The design elements that go into eLearning solutions are hugely important. When companies switch their training processes from classic models to the more forward-thinking, tech-driven version, they have a rare opportunity to change everything about their programs and teach employees in new and more effective ways. With important programs such as systems training, compliance sessions and onboarding serving as good candidates for conversion to an eLearning template, the stakes are high. Firms can revamp their key competencies, and shouldn't pass up the chance to do so - huge technological changes don't come around every day, and when they do, it's good to make them count.
"Designers today have access to interactivity tools."
Designing present-day courses
A recent Chief Learning Officer piece by contributor Sameer Bhatia set out the premise that eLearning is fundamentally different from standard training and can evolve past the early model in which online courses were based closely on the physical options they replaced. The author explained that workers today simply have to learn more information than in the past, and that several of the innovations taking place in modern offices have enabled them to absorb this material. Creating digital courses that play into this combination of need and opportunity is simply logical thinking to fit the current era.
Bhatia explained that when designers today craft learning solutions, they have access to interactivity tools that can immerse learners in the experience. He stated that these options allow courses to foster a connection with students, even when they are handled on-demand at learners' discretion. This is important, as the lack of such connection was previous labeled an asynchronous eLearning shortcoming. Bhatia recommended such means as online discussion threads and assessment forms as ways to communicate with pupils and also mentioned that scenarios within lessons can now be more in-depth and driven by users' choices. Complex eLearning offerings can simply be more compelling than their predecessors.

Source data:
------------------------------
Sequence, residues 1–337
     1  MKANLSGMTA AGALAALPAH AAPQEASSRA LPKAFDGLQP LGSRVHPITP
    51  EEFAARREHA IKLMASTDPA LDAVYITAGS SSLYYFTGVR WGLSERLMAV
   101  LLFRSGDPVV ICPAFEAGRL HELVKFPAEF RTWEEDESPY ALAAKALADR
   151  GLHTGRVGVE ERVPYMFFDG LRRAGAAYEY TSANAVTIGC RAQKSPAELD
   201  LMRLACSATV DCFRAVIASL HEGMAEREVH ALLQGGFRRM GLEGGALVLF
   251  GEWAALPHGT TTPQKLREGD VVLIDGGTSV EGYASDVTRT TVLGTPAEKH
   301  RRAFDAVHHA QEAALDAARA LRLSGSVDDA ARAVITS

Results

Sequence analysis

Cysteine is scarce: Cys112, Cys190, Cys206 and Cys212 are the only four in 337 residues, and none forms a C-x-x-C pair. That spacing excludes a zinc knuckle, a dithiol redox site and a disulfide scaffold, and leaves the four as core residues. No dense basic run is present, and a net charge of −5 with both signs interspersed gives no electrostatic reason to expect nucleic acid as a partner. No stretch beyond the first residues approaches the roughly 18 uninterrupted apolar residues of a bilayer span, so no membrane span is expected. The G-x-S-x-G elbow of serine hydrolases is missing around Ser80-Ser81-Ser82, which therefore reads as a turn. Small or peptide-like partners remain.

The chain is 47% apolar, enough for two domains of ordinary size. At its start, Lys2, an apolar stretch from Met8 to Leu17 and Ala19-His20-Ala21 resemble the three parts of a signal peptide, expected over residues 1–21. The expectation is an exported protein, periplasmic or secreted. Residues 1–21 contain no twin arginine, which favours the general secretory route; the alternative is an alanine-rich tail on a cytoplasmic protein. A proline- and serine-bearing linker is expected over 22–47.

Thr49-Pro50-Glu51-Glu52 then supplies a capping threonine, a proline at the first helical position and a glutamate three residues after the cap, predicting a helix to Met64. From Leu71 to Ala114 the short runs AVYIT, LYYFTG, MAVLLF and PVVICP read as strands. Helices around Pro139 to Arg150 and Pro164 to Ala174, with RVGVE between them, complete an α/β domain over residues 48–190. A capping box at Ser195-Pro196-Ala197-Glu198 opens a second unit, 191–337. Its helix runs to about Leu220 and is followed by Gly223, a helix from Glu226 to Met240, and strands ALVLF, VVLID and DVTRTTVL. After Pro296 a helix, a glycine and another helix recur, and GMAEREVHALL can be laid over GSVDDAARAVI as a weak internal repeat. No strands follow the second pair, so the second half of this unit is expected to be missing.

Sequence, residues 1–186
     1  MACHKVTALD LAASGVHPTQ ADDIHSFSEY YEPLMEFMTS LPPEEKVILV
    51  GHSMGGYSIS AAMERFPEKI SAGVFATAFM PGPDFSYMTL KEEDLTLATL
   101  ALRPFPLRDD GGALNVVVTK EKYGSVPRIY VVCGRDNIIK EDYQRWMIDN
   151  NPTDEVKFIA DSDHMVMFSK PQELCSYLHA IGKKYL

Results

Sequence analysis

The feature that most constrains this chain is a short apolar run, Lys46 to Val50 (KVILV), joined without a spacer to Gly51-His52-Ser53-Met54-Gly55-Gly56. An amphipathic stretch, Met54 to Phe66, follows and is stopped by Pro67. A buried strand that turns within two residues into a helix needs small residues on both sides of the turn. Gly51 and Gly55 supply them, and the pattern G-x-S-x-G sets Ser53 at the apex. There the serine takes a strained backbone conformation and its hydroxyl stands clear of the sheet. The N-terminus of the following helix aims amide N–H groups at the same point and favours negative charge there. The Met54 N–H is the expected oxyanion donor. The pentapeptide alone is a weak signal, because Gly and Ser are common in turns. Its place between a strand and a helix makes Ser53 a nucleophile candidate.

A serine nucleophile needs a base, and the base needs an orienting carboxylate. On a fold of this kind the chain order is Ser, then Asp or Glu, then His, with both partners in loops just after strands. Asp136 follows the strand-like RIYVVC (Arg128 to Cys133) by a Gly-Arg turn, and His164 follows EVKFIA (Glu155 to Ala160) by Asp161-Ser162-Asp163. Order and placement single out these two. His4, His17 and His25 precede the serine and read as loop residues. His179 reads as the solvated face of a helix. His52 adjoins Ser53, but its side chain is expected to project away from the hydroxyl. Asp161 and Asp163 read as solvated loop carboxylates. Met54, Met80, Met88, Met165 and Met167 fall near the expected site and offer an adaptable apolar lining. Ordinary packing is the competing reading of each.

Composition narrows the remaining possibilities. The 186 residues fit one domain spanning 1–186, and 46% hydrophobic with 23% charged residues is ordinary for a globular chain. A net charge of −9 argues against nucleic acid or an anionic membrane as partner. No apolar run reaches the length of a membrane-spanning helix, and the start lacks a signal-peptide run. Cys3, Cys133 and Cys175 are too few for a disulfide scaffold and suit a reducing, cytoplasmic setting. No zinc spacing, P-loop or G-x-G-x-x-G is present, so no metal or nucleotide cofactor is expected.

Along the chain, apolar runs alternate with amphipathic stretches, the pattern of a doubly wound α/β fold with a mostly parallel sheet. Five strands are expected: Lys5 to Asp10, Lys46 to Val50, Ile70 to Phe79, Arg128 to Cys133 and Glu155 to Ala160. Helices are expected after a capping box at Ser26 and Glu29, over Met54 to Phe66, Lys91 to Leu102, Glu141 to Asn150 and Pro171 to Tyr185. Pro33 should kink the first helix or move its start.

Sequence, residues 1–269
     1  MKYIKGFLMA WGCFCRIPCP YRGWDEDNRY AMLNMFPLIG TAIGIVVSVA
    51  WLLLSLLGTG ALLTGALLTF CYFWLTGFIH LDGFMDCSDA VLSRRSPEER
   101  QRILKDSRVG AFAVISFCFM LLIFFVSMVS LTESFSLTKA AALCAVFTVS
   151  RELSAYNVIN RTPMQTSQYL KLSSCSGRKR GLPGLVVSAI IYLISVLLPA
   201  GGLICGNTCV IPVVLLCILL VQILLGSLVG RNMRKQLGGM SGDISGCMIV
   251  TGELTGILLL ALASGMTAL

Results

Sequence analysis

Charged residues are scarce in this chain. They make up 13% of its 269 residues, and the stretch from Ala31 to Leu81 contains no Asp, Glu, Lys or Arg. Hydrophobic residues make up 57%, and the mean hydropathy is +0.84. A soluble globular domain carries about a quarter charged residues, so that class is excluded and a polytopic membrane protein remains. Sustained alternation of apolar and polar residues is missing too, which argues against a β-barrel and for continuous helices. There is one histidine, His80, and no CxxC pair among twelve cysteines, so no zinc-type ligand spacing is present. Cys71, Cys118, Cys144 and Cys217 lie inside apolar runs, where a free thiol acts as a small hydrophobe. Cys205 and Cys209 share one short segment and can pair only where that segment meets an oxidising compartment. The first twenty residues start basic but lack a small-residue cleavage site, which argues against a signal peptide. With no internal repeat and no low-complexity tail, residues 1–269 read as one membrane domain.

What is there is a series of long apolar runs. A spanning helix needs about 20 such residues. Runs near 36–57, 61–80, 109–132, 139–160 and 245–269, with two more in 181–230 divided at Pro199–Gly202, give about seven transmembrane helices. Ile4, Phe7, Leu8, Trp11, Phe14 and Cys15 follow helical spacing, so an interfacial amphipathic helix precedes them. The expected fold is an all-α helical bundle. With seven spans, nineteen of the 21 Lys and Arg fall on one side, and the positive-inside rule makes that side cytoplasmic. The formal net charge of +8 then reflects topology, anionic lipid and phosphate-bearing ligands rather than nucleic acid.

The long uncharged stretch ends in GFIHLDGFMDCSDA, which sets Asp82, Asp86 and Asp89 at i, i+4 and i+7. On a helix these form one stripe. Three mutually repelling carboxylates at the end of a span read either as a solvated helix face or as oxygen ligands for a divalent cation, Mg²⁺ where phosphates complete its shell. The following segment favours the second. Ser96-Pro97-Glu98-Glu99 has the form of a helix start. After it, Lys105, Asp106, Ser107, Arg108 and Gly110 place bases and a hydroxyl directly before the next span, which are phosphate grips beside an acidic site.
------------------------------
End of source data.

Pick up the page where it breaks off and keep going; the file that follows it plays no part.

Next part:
The author also made sure to mention that one element of designing successful eLearning tools today is knowing exactly what students are supposed to be learning. If what the course is meant to impart is clear, it will be possible to determine if the tool did its job. If there is no clear objective, leaders will have a hard time telling if their investment has paid off and designers won't know what to change - or, indeed, if any alterations are needed at all. Once an ideal outcome has been attached to an eLearning lesson, it can become apparent if employees who take the course are getting the message.
Not all eLearning courses are the same, and drawing a line of demarcation between two major types could help companies get the results they crave. Training Zone contributor Andrew Jackson explained that while some processes are there to inform users of information, others are meant to create a real change in how employees and the business at large perform on a day-to-day basis. He explained that the latter kind of course is especially trying to create, but that rather than giving up, designers should implement a framework for the lessons and focus on the students and their needs.